1.32      The changes in Schedule 20 of the bill are basically the same as those in the Social Services Legislation Amendment Bill 2015. The Australian Greens opposed those horrific cuts then, and continue to oppose them now. The full range of problems in the Coalition’s approach is set out in the previous dissenting report. 

1.33      It is clear, however, that the Coalition has not learnt from earlier mistakes. The Australian Greens re-iterate their concerns:

The Australian Greens will not support this Bill, as it makes an arbitrary distinction about who should access federal support. It will achieve relatively small savings for the Government but will have a significant impact on the lives of those who are affected by it.

It seeks to punish those who a court has already found 'not guilty on the grounds of mental illness' and in doing so, flies in the face of hundreds of years of jurisprudence ... Furthermore, often the indefinite incarceration of an individual who has been charged with a crime but considered incapable of facing a court comes after a difficult life journey to that point, marked by a lack of personal support and poverty. For many individuals, for many years, there was simply no next step, no way forward after being placed in a secure mental institution. This, in and of itself, represented a serious failure of our justice system where individuals who had no mental capacity to understand the seriousness of their behaviour were simply locked up.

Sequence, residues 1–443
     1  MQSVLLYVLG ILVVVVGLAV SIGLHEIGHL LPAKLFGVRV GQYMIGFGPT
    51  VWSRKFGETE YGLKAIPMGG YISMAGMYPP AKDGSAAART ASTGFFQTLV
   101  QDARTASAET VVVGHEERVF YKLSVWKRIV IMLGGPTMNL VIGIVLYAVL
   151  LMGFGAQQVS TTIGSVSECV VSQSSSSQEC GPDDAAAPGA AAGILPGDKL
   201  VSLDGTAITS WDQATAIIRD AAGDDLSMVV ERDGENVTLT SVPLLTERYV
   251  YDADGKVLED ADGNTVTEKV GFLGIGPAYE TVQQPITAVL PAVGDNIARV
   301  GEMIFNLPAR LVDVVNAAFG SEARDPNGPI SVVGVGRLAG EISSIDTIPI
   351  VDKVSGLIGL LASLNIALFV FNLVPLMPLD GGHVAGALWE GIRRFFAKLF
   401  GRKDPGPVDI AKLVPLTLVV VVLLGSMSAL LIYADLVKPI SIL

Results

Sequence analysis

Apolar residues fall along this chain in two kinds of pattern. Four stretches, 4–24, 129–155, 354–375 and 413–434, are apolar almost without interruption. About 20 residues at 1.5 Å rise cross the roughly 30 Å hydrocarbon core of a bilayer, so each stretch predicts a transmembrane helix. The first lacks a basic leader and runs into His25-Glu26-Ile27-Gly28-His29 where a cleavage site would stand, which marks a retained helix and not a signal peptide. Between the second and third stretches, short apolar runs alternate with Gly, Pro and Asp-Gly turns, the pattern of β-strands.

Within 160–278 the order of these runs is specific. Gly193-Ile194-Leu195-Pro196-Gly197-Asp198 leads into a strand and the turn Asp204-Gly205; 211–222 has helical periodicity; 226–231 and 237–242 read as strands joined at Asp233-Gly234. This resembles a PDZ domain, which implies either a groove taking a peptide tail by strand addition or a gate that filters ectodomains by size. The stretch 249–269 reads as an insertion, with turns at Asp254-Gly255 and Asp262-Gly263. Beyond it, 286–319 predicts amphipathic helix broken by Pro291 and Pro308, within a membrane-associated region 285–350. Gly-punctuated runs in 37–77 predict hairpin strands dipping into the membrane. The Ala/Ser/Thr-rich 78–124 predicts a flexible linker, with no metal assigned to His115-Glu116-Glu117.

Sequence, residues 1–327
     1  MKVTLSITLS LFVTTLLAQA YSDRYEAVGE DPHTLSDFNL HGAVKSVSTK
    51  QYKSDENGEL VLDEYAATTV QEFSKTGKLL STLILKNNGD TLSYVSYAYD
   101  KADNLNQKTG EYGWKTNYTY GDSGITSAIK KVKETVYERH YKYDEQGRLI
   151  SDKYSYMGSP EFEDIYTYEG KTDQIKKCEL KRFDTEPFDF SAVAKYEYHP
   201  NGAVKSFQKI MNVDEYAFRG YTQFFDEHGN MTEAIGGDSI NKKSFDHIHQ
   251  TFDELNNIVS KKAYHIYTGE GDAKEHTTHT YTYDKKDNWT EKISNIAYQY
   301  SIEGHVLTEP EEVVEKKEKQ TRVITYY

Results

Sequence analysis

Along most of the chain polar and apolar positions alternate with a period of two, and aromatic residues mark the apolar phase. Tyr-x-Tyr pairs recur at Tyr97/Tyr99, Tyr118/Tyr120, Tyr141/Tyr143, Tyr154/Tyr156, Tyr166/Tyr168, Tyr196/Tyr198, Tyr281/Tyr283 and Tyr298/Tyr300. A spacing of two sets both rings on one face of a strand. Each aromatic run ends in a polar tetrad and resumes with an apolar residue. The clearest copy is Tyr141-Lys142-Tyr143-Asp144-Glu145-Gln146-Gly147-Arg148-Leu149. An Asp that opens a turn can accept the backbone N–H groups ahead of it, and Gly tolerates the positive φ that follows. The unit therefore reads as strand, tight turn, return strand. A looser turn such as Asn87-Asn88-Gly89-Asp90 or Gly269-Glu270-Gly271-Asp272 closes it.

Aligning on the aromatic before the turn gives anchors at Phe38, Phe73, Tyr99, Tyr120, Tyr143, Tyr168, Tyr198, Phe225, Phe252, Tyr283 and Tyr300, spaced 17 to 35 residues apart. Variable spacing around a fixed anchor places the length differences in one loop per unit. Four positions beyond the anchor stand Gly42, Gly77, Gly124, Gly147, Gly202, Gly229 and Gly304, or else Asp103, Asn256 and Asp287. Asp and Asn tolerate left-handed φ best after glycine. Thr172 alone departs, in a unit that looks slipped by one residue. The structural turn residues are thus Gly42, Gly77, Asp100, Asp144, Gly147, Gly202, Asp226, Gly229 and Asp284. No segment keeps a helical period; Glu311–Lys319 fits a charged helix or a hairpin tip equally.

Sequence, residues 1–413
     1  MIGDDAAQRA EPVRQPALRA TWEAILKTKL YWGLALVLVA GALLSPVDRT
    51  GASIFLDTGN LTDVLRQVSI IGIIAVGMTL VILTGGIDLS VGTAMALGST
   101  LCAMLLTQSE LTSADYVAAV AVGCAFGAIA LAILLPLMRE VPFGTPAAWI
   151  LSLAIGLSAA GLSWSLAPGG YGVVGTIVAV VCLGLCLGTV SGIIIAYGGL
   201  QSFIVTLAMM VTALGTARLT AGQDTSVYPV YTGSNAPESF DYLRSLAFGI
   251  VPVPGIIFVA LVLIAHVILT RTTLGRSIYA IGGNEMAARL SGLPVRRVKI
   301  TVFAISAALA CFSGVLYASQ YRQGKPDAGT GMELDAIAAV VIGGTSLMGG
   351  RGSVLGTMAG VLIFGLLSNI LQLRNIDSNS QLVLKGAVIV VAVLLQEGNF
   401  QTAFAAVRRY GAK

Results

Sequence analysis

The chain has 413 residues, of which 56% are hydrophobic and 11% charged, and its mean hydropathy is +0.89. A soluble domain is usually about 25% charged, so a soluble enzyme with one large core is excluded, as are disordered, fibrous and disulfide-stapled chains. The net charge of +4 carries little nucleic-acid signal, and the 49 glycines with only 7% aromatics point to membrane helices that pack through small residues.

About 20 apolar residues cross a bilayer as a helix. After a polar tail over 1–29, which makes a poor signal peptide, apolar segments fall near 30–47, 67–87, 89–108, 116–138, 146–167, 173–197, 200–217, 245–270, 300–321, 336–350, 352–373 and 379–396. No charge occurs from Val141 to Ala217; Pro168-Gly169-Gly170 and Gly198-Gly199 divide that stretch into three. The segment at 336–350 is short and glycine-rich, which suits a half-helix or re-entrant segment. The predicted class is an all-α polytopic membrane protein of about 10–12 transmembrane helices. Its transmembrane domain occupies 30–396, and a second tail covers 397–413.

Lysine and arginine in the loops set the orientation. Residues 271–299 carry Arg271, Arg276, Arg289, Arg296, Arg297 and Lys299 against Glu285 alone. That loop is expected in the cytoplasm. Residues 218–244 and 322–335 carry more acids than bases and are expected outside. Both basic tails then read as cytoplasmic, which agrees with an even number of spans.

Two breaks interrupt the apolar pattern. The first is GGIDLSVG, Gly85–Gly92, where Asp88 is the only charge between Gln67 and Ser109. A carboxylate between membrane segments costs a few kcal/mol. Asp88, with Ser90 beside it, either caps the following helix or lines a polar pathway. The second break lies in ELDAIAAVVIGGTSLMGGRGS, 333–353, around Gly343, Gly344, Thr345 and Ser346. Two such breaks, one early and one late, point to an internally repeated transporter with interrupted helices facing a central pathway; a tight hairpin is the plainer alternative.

A number of advocates have done incredible work to reverse this situation, by bringing it to the attention of State and Federal Parliaments, and building a coalition that fights for the rights of those who were indefinitely detained without a conviction.

The Australian Greens acknowledge the tireless work of these under-resourced advocates and thank them for providing detailed submissions to this inquiry ... The evidence provided to the committee has demonstrated that through this Bill the Federal Government is abandoning its responsibilities to a small group of people who are already marginalised and clearly in need of government assistance.[11]

1.34      Alison Xamon, president of the Western Australian Association for Mental Health, said:

What we do know is that people with mental illness can be appropriately treated, and often medicated, and released on conditional release orders. But the problem is that if you have withdrawn all of their supports – because these are often people that are on disability support payment – then what will often happen is that they will lose their accommodation, which is one of the key social determinants for recovery. They can’t keep their rent going, they can’t keep their mortgage going if they have mortgages, or keep the utilities happening, for the temporary that they are being detained within mental health facilities or prison ... There are no long term savings to be made in this, but there are certainly far more expenses to be incurred by these measures.

...The reason why you need to keep receiving an income, particularly for people with mental illness, is because you need to be able to maintain those supports externally, while you are being temporarily incarcerated and receiving treatment. 

1.35      Patrick McGee, coordinator of the Aboriginal Disability Justice Campaign, said:

These are people who’ve been found unfit to plead. They are being detained for the purposes of treatment, and that treatment is designed to return them safely to the community. The DSP is used  as a cornerstone mechanism for enabling that pathway.

R&D Tax Offsets

1.36      The government’s commitment to innovation is not advanced by reducing the R&D Tax Offset by 1.5%. At a time of transition in our economy, it is research and development that will lead to leaps and bounds in living standards and productivity gains.